Unlike the Jackson films that introduce The Fellowship of the Ring with a sweeping prologue of the last alliance between men and elves narrated by the incomparable Cate Blanchett, Tolkien opens the books with the intricacies of Hobbit life.
This book is largely concerned with Hobbits, and from its pages a reader may discover much of their character and a little of their history.
The home country of the Hobbits was divided into four quadrants. There wasn’t much government, and families were “in charge of their own affairs.” Although there was generational wealth and land ownership, Hobbits appeared to universally accept their loosely structured agrarian society.
There was one elected official named the Mayor of Michel Delving, who was elected every seven years. The mayor’s duties are similar to the United Kingdom monarchy, essentially kissing babies and cutting ribbons.
The only two offices of government that the mayor presided over were the “Postmaster” and “First Shirr-iff” that were in charge of the two departments, the “Messenger Service” and the “Watch.”
The Watch was a collection of 12 Shirriffs, which served as the Hobbit law enforcement. They had no identifiers except for a feather in their caps, and their duties entailed the equivalent of a modern neighborhood watch.
The rest of the prologue of The Lord of the Rings details the family history of the Shire, pipeweed (Hobbits’ primary export), and then rolls into the first chapter set in the Shire and the beginning of the adventure of the one ring.
From Tolkien’s prologue, the reader learns the Shire’s structure of simplicity, longevity, and communal living in step with the land (I’m guessing it’s closest to a Marxist state run by a proletariat society).
So what’s the big deal about Hobbits that Tolkien decided his audience needed to know all this information up front?
From a literary strategy, The Lord of the Rings was a follow-up to The Hobbit and required further context to transition into a three-book adult-centric narrative. But from a story arch, it sets the innocence and attraction of the Shire.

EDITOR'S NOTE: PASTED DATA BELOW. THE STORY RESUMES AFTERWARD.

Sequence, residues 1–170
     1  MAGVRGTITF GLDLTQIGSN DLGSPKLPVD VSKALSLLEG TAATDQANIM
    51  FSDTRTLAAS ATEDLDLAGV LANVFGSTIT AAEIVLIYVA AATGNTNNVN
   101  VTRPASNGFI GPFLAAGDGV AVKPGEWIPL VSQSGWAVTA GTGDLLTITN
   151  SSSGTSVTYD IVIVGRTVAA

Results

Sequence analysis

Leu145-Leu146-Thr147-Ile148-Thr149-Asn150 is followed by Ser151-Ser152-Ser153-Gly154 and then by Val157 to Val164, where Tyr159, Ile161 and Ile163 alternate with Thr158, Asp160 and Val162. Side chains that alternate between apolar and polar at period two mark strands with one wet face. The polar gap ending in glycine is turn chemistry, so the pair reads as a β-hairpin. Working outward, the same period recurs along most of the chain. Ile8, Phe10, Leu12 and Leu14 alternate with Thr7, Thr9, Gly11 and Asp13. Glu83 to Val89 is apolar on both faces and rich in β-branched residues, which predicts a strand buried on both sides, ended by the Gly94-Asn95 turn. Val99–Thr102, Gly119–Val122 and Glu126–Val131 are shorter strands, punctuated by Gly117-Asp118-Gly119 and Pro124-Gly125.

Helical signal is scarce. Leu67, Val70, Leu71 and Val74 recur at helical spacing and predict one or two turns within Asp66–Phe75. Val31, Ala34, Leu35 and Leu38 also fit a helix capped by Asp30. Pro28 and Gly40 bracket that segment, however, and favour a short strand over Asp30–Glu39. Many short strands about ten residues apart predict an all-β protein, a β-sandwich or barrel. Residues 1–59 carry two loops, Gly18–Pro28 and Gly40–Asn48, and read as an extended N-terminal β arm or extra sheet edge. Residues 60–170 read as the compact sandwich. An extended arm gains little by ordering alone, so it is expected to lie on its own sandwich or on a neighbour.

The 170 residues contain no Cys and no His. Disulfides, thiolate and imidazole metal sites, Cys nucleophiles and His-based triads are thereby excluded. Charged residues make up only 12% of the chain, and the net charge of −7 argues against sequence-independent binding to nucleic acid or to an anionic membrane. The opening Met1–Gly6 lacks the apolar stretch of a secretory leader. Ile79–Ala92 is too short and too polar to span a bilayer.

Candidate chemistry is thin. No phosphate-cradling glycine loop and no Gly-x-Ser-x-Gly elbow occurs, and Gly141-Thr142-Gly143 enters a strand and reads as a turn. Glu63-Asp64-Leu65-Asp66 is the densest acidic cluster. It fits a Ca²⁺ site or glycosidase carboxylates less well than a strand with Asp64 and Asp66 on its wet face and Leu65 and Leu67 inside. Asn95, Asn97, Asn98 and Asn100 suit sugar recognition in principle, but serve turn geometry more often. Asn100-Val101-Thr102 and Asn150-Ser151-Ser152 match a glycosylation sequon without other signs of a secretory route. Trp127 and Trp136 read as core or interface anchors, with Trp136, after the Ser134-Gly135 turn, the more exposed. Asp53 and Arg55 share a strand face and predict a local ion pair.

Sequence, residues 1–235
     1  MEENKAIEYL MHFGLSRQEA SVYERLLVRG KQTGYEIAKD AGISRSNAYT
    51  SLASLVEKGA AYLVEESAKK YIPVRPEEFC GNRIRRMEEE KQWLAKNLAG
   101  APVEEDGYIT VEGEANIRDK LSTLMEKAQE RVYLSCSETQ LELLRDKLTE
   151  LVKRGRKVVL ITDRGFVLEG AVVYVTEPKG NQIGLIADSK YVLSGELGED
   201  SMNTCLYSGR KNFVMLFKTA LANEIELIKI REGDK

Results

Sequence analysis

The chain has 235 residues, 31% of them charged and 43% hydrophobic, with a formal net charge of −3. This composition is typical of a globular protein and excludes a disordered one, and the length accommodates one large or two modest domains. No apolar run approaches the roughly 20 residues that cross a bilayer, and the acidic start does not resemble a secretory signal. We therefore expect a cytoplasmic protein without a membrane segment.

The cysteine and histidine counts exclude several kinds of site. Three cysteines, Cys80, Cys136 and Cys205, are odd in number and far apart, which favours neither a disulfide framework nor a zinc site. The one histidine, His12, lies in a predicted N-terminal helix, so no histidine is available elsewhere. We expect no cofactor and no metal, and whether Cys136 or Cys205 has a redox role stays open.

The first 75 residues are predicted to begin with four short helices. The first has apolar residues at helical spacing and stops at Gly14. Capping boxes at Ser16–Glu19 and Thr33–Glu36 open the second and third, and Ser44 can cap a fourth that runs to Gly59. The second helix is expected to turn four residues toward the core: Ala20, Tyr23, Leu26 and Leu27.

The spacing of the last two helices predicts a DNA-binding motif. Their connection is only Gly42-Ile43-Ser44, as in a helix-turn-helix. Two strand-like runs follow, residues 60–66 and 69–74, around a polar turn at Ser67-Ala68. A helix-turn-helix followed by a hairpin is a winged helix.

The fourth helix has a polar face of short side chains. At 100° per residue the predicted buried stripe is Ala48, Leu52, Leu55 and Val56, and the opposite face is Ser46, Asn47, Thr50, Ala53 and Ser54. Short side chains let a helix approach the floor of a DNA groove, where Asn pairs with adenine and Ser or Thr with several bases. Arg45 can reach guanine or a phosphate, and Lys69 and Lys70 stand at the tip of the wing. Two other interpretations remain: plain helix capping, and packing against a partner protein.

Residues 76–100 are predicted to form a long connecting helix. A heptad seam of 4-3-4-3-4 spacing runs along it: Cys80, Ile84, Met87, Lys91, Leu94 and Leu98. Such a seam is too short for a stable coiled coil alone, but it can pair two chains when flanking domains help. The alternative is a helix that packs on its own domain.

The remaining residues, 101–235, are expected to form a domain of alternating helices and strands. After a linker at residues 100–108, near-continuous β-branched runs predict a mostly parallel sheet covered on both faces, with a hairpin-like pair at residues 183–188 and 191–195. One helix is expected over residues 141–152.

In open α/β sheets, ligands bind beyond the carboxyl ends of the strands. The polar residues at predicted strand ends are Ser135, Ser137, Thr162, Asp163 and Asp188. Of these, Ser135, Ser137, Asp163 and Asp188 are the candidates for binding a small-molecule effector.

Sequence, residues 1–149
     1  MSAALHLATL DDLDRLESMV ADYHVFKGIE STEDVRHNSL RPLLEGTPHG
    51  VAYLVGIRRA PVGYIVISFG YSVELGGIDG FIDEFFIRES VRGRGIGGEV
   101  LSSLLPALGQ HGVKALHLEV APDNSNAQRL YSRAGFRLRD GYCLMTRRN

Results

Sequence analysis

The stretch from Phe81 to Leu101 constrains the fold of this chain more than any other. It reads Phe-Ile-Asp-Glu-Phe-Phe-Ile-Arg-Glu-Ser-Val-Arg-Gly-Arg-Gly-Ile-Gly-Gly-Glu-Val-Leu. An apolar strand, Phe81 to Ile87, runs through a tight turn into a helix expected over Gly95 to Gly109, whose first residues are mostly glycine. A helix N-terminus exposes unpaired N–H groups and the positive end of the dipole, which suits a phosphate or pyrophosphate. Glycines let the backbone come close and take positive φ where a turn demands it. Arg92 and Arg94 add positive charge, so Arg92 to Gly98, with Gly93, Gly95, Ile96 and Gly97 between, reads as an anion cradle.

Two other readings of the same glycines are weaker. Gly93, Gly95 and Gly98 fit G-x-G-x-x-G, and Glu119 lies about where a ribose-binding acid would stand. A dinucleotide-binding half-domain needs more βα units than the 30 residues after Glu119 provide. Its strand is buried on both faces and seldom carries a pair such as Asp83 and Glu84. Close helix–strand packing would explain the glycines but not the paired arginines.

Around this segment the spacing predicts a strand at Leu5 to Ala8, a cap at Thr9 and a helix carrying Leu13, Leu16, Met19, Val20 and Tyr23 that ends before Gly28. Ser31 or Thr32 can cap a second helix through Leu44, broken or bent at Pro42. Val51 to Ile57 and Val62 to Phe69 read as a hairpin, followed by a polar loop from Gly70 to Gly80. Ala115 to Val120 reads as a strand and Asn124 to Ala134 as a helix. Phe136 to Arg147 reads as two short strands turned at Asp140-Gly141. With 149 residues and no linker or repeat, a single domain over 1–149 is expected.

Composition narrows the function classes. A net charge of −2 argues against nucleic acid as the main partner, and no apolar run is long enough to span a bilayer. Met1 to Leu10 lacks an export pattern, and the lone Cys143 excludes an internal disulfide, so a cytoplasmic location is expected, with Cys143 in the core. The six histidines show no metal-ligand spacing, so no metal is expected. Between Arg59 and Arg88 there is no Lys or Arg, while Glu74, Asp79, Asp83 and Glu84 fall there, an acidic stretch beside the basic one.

Throughout the four central Hobbit’s journeys, they constantly refer to the majesty of the Shire, specifically Frodo, whose impending burden of sneaking the ring into Mordor is as intimidating and painful as his separation from his home.
I feel that as long as the Shire lies behind, safe and comfortable, I shall find wandering more bearable: I shall know that somewhere there is a firm foothold, even if my feet cannot stand there again.
At the end of the third book, Tolkien returns the Hobbit heroes to the Shire after almost a year separated on their quest to save the world. But they return to a dystopia, ruined by the industrial greed and devastation from Sharkey, AKA the vengeful and disgraced wizard Saruman in disguise.
Narratively, it’s jarring to have a climactic ending of Frodo destroying the one ring of power and then include an epilogue where the Hobbits must defend and restore the utopia they left behind.
From a traditional storytelling arch, Jackson’s anticlimactic telling of the Hobbits’ return to the Shire invokes feelings of melancholy and fulfillment compared to the book’s terror.
The travellers trotted on, and as the sun began to sink towards the White Downs far away on the western horizon they came to Bywater by its wide pool; and there they had their first really painful shock.
This was Frodo and Sam’s own country, and they found out now that they cared about it more than any other place in the world. Many of the houses that they had known were missing. Some seemed to have been burned down. The pleasant row of old hobbit-holes in the bank on the north side of the Pool were deserted, and their little gardens that used to run down bright to the water’s edge were rank with weeds. Worse, there was a whole line of the ugly new houses all along Pool Side, where the Hobbiton Road ran close to the bank.
An avenue of trees had stood there. They were all gone. And looking with dismay up the road towards Bag End they saw a tall chimney of brick in the distance. It was pouring out black smoke into the evening air.
It’s a distraught contrast to the opening chapters that allow Colbert to indulge in his cozy feelings. But the ending hints that Tolkien’s Hobbit-centric perspective remained true from the prologue—a tale about Hobbits going there and back again to save the utopia they love.
So why did Tolkien conclude his epic with the “The Scouring of the Shire?” Why did he narratively destroy his in-world utopia just to build it back again? And what does Tolkien’s view of the Shire teach us about our own world today?
Comments are open for all subscribers! Let’s talk about Tolktopia….
Thank you for writing this Luke!
P.S. I’ll be back next week with an essay for my work & leisure series. Then we’ll be back to my capitalism series to explore how we can extend economic opportunity worldwide.